Back upstairs for L U C Y. She was on my list of ‘must sees’ and so did it seem the app I was using which had flagged her name with a yellow flame and the word ‘trending’. A handy reminder to any millennial not in the know it seemed. She was instantly recognisable, choosing her signature surgical mask and donning round glasses like some sort of genius surgeon about to dissect the decks. An up-tempo set of hers compared to some of the darker dubstep and grime sounds she’s known for. She blended one song into the next seamlessly like an infinite stream of euphoria. With energetic bass-heavy cuts reminiscent of 90’s Prodigy whilst injecting fresh and refined techno and acid house, she has cultivated a discernible L U C Y sound whilst always being versatile. ‘Hats off’ I thought. A last recognisable hit of syncopated beats of ‘Stagga’ by Adam Pits and we sauntered down to Rye Wax.
The rabbles were gathering. Huddled under a tarpaulin awning in the courtyard of the building, the crowd sheltered from a now spitting sky, plumes of vape and roly smoke infiltrating the night air. We hustled our way to the congested entrance to Rye Wax, with a steady stream of well lubricated revellers passing each other in the steep stairwell. Inside, the nostalgic sound of jungle and cosy warmth of the basement surrounded us; comforting after the hostile weather outside. We were there to see Jamie Rodigan (son of David, the legendary radio broadcaster and pioneer of reggae and dancehall). The vibe was uplifting and Jamie cheerfully played his hand-picked vinyl collection of jungle bangers. We left happy (and dryer), and after a quick whip around the building again we found shelter in the CLF hub for a brief look at our footage.
Conflicted about what to see next we decided upon Swing Ting ft. Fox at Tola; a regular haunt of mine a short walk down Rye Lane, and a favourite for party-goers on account of its late license, strong line ups, and large capacity. Notably, it was Fox who swung it for me, having been a big fan of the lyricist for some time, with his dark vocals on ‘Masterplan’ by My Nu Leng ultimately rendering it one of my all-time favourite bass tunes.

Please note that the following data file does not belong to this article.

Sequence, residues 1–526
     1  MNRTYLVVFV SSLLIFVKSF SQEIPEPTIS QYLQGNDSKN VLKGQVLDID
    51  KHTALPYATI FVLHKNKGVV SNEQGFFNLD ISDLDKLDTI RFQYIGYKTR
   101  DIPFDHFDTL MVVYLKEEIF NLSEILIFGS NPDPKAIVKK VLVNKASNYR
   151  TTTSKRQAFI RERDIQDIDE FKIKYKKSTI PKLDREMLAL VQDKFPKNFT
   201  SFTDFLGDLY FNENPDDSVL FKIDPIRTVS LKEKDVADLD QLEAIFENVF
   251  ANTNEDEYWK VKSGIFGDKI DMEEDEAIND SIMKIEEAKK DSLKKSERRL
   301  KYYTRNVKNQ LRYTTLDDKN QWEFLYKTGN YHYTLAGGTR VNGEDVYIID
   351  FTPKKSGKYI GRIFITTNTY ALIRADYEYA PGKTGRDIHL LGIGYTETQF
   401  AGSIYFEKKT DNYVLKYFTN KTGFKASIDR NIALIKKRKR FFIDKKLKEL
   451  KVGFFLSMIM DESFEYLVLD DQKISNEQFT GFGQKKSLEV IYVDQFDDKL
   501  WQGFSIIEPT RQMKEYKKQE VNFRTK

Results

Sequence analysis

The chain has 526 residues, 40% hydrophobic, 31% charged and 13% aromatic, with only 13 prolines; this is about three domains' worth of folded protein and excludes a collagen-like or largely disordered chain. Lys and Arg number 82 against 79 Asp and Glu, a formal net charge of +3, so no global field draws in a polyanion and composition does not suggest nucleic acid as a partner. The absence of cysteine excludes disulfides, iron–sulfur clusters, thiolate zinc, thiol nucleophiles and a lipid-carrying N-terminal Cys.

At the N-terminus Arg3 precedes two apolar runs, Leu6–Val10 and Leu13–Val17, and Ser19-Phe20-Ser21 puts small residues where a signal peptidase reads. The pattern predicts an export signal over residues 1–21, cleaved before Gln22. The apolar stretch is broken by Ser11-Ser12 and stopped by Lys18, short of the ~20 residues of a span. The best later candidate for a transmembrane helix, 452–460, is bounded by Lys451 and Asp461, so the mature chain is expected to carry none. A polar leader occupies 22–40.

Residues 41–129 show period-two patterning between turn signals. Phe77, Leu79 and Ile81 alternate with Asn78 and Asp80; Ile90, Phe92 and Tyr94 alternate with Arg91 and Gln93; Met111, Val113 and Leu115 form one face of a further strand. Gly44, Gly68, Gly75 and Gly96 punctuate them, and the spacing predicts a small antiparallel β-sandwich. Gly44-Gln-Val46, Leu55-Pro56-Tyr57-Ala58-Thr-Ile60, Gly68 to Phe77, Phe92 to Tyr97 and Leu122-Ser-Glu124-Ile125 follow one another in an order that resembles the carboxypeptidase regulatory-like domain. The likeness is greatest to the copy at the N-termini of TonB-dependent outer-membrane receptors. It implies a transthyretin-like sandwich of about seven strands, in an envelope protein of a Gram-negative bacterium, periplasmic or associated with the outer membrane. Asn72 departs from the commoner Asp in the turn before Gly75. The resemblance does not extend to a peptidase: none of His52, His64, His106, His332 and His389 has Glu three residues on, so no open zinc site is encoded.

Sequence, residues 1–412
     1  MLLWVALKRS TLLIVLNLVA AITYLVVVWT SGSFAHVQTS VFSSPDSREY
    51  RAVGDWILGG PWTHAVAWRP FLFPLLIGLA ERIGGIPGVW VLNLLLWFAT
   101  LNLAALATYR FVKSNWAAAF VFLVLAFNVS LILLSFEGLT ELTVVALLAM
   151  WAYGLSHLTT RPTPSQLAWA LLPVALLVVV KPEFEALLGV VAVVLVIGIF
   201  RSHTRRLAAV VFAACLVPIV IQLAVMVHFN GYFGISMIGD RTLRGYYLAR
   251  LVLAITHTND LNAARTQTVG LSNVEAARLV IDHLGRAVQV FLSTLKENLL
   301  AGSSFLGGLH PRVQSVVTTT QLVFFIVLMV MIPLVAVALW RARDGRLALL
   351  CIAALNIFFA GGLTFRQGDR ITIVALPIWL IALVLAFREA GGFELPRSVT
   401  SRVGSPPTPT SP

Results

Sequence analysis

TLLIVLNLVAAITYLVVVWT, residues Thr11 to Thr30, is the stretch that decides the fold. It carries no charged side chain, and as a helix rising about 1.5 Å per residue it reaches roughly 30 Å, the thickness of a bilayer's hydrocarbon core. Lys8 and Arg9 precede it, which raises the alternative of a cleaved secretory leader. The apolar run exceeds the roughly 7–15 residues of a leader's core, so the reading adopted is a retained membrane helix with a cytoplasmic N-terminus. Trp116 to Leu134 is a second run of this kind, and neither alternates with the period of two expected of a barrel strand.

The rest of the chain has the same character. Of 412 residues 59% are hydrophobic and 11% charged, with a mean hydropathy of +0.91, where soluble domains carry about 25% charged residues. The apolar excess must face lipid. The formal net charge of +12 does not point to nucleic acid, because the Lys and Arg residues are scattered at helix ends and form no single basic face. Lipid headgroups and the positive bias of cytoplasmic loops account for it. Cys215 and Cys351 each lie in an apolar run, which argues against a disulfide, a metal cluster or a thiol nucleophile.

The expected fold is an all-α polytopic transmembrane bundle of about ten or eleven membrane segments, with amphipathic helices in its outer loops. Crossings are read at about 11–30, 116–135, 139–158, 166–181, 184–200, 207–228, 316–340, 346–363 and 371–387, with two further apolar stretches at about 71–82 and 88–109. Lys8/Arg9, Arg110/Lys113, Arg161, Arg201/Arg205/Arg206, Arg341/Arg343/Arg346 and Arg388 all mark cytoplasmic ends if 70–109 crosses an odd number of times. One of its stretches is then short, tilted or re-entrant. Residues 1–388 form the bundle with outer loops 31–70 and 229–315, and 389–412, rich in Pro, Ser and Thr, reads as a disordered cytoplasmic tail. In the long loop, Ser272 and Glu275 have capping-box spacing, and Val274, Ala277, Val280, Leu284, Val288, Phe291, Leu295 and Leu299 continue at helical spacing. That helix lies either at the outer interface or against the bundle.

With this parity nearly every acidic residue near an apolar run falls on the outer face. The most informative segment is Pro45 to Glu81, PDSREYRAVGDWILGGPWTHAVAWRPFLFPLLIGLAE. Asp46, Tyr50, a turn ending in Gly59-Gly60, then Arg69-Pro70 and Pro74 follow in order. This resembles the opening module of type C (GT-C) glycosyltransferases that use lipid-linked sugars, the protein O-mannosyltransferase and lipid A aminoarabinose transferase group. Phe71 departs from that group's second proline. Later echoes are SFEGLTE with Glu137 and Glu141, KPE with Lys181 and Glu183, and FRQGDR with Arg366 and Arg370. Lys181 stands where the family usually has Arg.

Hustling our way towards the back of the venue we found ourselves stuck in a packed dancefloor. I drank in the buoyant atmosphere whilst Jordan the cameraman hustled his way to the DJ booth. Straining my neck I caught a glimpse of a trio behind the decks with Fox playing hype man, injecting some impressive vocals into his ad-libs. Swing Ting masterfully laced Afro and Latin sounds, creating perhaps a contrasting classic Friday night vibe to the previous acts.
As the final act at Tola, we decided to call it a night, happy with our lot. Stomach’s rumbling, we decided on a pit stop to McDonalds where we looked back at the footage. Jordan had done well and I had a chance to consider some of my highlights (L U C Y and Riz La Teef being a few), and the astonishing transformation of Peckham from a somewhat overlooked South London market town into a thriving cosmopolitan cultural hub. The buzz and energy were infectious, and Boiler Room had ultimately created something in its festival that I haven’t witnessed in other festivals.
The next generation has spoken, and we’re no longer in the underground.
Check out our video presented by myself and filmed by Jordan Moore below: